Ready to wean (but baby is not!) - Mothering Forums

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#1 of 28 Old 01-09-2009, 01:58 AM - Thread Starter
 
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So I have been reading and going through the archives and feeling really relieved that I am not the only person in this boat of extended breastfeeding. And for those to who continue to do it till the child weans off, by herself, more kudos to them! But now I need to vent and then get all your advice/tips to bring this chapter to a close.

I have been breastfeeding my younger DD for 23 months now and I'd realllllllly like to wean her off by her 2nd birthday. It has been a great relationship so far but this is the end of the road for us due to various reasons. First of all, I'd like to devote some time to the rest of my family.. DH doesn't complain much but my older 6-yo daughter definitely needs more quality time from me. This is difficult because the toddler needs me to put her down for a nap/bedtime and stay around every time she wakes up. She needs to nurse to fall asleep and of course I am constantly running back to get her to fall asleep while older daughter feels left out, unable to finish whatever activity we were doing together.

Secondly, my boobs have really started complaining after non-stop usage for almost 2 years. Younger DD has been a champion nurser throughout (barring illnesses) but she has sharp teeth which she clamps down if I try to pull her off when she is asleep. I have made it through two rounds of mastitis, engorged breasts and continuously sore nipples... so much so that I don't remember a time when my nipples were not chapped and sensitive. What is worse is that recently, DD has gotten into a weird nursing position which causes my right breast to hurt and burn for almost an hour after she has finished nursing. Then I have to put ice-packs on it to ease the burning pain and it is not a pretty sight when I am sitting holding my own boob with the ice back hidden in my bra! I am guessing this is due to her strong latch combined with her weight, pulling my breast down and straining the muscles. Add to this, DD nurses through the night which means my back hurts like crazy and I don't get enough sleep. (I know part of it is due to my posture but still) So I wake up angry and irritable. If my breast is hurting, I can't even concentrate on whatever I need to be doing (cooking, working etc) and really, there is only so much time I can get to sit and hold my boob with an ice pack!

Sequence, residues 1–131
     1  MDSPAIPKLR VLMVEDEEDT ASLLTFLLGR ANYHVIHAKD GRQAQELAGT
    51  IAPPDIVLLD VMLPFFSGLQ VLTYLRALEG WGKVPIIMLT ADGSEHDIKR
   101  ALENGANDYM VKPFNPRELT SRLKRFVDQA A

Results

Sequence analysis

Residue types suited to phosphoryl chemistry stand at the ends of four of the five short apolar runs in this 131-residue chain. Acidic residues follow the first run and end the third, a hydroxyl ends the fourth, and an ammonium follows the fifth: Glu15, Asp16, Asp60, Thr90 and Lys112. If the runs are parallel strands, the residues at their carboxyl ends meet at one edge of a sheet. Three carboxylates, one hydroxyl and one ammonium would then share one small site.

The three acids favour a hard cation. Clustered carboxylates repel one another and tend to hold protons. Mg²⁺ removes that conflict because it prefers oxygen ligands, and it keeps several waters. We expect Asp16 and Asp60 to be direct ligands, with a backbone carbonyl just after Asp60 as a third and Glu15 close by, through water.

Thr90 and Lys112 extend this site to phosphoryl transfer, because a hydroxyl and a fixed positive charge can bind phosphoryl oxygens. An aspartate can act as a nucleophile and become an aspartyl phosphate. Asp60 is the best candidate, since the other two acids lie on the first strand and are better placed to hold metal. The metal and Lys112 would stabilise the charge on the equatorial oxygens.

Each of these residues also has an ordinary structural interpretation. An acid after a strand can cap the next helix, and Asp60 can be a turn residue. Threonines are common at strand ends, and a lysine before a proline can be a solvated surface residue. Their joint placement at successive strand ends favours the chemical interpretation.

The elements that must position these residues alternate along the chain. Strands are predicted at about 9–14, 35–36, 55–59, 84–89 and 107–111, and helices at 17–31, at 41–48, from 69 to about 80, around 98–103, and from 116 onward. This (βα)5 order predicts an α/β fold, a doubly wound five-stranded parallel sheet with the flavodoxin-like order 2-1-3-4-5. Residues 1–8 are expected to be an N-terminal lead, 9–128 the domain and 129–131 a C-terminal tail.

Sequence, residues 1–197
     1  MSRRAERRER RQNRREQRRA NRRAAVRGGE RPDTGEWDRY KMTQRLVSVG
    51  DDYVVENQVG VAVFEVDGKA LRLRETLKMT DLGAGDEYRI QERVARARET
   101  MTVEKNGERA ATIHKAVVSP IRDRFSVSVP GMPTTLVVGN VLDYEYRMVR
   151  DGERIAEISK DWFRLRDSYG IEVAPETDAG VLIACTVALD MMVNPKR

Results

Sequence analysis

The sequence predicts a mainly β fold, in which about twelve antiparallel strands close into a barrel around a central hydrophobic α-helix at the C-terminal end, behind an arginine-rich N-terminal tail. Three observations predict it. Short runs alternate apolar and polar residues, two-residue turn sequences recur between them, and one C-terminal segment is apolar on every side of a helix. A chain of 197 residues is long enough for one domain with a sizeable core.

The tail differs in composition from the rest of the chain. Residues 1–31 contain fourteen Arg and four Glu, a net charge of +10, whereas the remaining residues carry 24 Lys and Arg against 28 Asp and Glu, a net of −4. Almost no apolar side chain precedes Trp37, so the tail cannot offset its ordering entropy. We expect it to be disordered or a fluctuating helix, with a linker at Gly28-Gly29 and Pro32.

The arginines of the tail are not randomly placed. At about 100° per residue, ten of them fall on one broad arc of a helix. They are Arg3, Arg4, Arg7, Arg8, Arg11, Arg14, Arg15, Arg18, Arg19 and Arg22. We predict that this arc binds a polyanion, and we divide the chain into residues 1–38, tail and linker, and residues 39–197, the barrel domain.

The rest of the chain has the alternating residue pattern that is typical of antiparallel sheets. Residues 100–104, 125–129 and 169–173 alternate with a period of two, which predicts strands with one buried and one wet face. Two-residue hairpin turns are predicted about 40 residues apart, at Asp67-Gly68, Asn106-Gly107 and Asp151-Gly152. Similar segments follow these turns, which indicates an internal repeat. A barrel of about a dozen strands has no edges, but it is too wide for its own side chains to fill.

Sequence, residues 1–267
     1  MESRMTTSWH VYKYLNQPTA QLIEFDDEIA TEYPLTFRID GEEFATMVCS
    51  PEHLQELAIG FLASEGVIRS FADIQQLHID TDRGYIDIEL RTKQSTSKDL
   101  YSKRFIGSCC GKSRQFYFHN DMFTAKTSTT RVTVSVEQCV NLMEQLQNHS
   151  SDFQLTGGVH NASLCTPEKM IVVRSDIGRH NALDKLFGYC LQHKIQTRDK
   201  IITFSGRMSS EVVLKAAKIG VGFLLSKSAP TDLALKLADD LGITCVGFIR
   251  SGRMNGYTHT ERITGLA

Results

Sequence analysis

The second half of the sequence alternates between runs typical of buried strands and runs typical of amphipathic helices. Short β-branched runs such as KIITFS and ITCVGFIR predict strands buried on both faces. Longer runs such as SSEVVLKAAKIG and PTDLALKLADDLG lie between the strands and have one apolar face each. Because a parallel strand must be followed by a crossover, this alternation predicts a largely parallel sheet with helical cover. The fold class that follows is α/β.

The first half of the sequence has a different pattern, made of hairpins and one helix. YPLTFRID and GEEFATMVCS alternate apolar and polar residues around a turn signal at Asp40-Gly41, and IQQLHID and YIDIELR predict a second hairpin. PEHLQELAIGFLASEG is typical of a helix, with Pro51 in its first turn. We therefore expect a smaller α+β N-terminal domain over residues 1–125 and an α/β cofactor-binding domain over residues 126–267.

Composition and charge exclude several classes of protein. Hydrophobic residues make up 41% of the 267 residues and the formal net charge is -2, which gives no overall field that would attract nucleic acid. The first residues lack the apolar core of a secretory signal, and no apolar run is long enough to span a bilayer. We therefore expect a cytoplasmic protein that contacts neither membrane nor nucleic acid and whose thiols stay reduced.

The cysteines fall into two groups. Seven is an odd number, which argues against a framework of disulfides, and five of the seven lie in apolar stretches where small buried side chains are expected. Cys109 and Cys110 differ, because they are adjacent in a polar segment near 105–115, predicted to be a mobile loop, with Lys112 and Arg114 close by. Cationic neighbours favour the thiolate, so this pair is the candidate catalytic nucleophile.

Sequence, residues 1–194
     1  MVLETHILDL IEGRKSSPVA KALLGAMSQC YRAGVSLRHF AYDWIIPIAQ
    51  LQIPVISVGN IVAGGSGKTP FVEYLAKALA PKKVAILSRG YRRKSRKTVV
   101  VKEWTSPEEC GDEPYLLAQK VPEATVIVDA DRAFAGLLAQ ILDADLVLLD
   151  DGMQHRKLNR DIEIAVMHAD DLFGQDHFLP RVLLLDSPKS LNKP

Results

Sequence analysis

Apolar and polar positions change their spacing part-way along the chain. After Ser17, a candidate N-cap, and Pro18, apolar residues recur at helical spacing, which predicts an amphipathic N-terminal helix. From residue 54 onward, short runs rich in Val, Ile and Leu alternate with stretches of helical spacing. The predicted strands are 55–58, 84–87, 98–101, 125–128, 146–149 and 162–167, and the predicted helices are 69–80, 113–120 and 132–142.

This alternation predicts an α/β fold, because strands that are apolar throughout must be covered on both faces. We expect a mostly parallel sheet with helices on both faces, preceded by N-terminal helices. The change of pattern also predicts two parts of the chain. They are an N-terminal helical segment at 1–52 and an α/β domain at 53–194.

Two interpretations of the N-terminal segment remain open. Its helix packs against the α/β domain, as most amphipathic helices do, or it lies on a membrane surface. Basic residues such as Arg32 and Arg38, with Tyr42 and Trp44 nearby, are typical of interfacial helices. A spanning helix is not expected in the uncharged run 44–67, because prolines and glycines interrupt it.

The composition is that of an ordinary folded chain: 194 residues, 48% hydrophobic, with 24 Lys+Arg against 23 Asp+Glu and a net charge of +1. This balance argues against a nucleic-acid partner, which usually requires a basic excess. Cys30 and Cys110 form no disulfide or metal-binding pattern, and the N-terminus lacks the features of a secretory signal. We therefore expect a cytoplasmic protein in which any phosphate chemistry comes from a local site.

So, end of my long background story, I am ready to wean off and this is where my questions start. I have been reading about various people's experiences with night-weaning, day-weaning. The most important thing that I realized is there is a difference between night weaning and weaning from the nurse-to-sleep habits. I need to do both!

I have tried using the pantley pull-off method but so far, there hasn't really been a great improvement. I have tried using the don't-offer, don't-refuse policy but now that DD is vocal, she always asks for milk when she is sleepy. And she even tells me she wants the 'big' boob which can be hilarious sometimes.

So here is my plan: I am planning to to use Dr. jay gordon's method for night-weaning. I have also started putting on soothing music when she nurses to sleep at nap-time, so as to provide a different association rather than the breast. Eventually I plan to just withdraw the breast and use the music as her sleep aid. She obviously doesn't take the bottle and doesn't want water or any other snack when she wakes up in the middle of her nap or at night. But she drinks yakult (lactobacillus milk drink) and I use it to distract her when she wants to nurse during the day. Should I offer it in the middle of the night to get her to sleep? And which nursing time should I tackle first? Night-weaning or day-weaning? If I try telling her that my boobs have an ouchie or there is no more milk, she starts crying desolately, so those ideas are not working. Walking with her sometimes works but only if she is reallly tired and even then it takes a long time. I'd like to teach her to fall asleep with me next to her, so that she knows she has comfort even if there is no nursing.... and this is the hardest part! And of course, I'd like her to keep falling asleep if she wakes up in the middle of her nap/sleep. How on earth do I do this?

For all those who have had the patience to read my long and rambling story, thanks! And now if you have any ideas, thoughts, advice to give, I will be eternally grateful!
Cheers!
Sue
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#2 of 28 Old 01-09-2009, 02:13 AM
 
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Just because you wean, it won't necessarily mean that your dd doesn't still need you at nap time and bed time.

Also many toddlers drop naps when weaned.

good luck!

-Angela
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#3 of 28 Old 01-09-2009, 02:40 AM - Thread Starter
 
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Just because you wean, it won't necessarily mean that your dd doesn't still need you at nap time and bed time.

-Angela